There’s a line where you talk about learning to love the land unconditionally in the way we have to love people unconditionally. Can you talk about the practicality of that?

I think if you have a child and that child eventually drives your tractor into the pond, and you’ve had enough time to understand the full complexity that child has as a person, so when he does his first bad thing, you don’t suddenly take the totality of his experience in life and base it on that. You know there’s more potential and you just don’t see him for that one moment. With nature, the more you see the complexity of it, the more opportunity you have to co-exist with it. Even when it appears to try and kill you or take something from you. I think that’s what Wendell Berry means when he says it all turns on affection: we can try and make people scared of the environment in order to protect nature, but it’s not going to change unless we can fall in love with the complexities of it. Then we can find more opportunities to collaborate with it.

Do you think that might be the messaging problem we have with the climate crisis?

Absolutely. I think we work it all based on fear and people will only short term change how they act based on fear, but if you get them to see differently, then you’ll change everything. I don’t think people see nature in the most productive way for us as a species to interact with it. Unconsciously, over the last 200-something years, we’ve wiped 46 percent of trees, we lost one-third of the topsoil and we’ve done all that unconsciously. We’ve doubled the amount of C02 emissions in the atmosphere. We’re a very powerful force of nature. Imagine what we could do if we were conscious of that force? Whether there is a climate crisis or not, there is an ecosystem response to our being here. That’s indisputable.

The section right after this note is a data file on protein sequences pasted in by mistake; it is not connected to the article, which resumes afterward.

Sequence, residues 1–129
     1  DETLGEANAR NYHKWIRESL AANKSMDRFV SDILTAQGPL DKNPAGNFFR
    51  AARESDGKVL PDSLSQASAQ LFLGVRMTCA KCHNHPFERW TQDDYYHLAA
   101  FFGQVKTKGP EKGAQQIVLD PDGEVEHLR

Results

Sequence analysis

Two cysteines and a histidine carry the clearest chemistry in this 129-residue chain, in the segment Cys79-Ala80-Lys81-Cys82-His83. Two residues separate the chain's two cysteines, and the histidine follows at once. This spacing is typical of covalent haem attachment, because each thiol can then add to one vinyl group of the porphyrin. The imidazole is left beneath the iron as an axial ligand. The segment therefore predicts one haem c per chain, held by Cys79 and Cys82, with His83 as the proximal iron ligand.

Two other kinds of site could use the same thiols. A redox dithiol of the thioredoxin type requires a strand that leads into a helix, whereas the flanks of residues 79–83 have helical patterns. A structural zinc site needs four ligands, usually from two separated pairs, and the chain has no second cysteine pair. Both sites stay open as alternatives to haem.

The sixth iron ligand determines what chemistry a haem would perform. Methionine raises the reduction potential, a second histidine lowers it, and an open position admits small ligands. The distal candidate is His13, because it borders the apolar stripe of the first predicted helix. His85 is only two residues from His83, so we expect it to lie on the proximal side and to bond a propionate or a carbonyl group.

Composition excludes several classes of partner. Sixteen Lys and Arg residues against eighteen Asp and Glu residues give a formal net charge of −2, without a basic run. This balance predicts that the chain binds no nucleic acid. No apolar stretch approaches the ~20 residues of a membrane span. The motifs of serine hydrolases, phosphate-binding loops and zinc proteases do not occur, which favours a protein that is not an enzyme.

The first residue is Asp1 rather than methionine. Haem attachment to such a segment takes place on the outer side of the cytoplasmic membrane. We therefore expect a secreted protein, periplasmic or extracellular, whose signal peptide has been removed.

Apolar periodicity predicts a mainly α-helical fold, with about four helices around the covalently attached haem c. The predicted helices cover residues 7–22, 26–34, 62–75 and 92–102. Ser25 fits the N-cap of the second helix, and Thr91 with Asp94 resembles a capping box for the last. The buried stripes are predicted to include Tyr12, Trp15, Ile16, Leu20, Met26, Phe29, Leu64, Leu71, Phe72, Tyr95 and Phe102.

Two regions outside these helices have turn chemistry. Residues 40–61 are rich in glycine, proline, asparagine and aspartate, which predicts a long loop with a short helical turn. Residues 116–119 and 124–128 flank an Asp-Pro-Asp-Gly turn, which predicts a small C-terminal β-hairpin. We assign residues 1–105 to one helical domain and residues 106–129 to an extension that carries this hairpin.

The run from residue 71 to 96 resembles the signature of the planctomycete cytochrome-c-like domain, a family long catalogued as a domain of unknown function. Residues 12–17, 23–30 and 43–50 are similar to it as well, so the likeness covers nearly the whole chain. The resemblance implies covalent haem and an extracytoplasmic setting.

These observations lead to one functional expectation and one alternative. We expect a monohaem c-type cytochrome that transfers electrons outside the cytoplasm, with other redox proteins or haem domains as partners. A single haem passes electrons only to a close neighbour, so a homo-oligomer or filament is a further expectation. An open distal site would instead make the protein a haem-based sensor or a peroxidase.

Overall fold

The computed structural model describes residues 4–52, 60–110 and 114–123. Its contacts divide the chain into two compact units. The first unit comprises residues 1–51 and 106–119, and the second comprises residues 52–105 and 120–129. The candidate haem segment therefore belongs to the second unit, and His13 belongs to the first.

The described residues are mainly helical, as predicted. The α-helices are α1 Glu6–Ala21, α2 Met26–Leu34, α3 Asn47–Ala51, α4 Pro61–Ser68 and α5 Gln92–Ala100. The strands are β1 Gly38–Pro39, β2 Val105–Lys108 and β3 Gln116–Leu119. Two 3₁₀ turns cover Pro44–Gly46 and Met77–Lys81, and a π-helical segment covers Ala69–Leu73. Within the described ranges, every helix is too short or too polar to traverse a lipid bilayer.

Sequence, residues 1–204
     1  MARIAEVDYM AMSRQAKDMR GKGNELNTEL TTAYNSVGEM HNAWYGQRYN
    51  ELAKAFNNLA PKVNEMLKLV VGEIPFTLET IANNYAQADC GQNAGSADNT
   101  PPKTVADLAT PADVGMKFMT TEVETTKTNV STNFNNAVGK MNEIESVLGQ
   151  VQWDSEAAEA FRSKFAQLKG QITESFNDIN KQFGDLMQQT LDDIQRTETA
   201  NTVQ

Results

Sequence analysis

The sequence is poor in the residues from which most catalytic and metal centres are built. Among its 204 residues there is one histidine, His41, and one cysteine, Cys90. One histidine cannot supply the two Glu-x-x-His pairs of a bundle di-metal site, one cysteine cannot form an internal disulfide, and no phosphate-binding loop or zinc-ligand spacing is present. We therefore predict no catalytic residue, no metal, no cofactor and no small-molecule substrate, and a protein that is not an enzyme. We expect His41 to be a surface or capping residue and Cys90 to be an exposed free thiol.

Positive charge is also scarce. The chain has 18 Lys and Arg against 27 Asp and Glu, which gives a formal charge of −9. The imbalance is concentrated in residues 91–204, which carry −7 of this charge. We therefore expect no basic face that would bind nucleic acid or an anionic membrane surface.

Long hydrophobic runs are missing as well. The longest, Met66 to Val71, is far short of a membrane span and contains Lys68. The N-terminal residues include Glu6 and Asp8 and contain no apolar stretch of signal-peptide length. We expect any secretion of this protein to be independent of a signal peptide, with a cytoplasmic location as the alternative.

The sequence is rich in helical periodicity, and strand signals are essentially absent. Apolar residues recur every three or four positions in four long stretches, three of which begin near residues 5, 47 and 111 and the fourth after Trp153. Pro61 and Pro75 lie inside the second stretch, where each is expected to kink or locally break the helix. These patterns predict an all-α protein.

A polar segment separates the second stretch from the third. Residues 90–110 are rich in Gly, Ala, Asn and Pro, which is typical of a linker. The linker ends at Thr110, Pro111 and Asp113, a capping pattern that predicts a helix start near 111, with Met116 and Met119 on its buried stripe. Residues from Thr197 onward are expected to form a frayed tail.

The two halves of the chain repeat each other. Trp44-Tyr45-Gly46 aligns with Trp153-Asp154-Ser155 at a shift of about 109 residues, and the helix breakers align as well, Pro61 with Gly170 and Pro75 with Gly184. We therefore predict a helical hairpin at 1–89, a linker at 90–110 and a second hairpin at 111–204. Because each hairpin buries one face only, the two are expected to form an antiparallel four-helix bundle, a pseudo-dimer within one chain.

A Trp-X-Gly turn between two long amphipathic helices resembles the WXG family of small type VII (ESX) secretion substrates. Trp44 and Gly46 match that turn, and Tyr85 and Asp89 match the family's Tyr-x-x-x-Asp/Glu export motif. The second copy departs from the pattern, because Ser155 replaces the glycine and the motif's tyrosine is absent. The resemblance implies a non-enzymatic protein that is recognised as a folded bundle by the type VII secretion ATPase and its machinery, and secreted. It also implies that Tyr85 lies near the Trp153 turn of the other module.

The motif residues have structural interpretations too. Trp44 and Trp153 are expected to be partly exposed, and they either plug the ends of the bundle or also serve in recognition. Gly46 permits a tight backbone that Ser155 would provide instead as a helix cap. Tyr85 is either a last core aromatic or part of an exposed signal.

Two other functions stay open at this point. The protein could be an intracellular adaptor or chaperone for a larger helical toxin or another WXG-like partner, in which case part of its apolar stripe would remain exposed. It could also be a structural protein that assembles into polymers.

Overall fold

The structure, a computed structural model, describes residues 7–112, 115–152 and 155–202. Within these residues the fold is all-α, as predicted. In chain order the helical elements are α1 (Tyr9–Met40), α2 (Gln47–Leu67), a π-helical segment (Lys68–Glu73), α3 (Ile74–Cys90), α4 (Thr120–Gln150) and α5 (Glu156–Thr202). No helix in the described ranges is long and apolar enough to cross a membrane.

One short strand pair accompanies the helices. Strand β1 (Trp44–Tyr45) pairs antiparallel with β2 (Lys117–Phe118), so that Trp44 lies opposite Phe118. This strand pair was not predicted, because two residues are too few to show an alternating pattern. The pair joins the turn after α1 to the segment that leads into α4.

What do you think about the high carbon footprint of streaming music, and therein movies too?

I have no idea. I’m a farmer! [Laughs.] I don’t think there’s a perfect answer to any of this stuff. There’s imperfection in all of our solutions. I mean, I’m promoting this film and I had to fly here. It’s ridiculous, but I think when you become conscious of how to interact with it, I think we will find more sustainable ways to prolong our existence so we can continue to change these things. Do you stream music?


You hate the earth! [Laughs.]

In the documentary you say that after so many seasons on the farm you start to anticipate things. Eight years in, what’s next?

That’s an interesting question. I didn’t mean to imply that every year we can predict the problem, but every year is the year of something. There was the year of Morning Glory, the year of Bermuda Grass, the year of goffers. What we know is there will be something this year that will feel like an epidemic and now we spend less time panicked over that. In the beginning we used to think every single thing was going to be the thing that killed us. Now we learn that it’s just part of farming.

The Biggest Little Farm is now in theaters.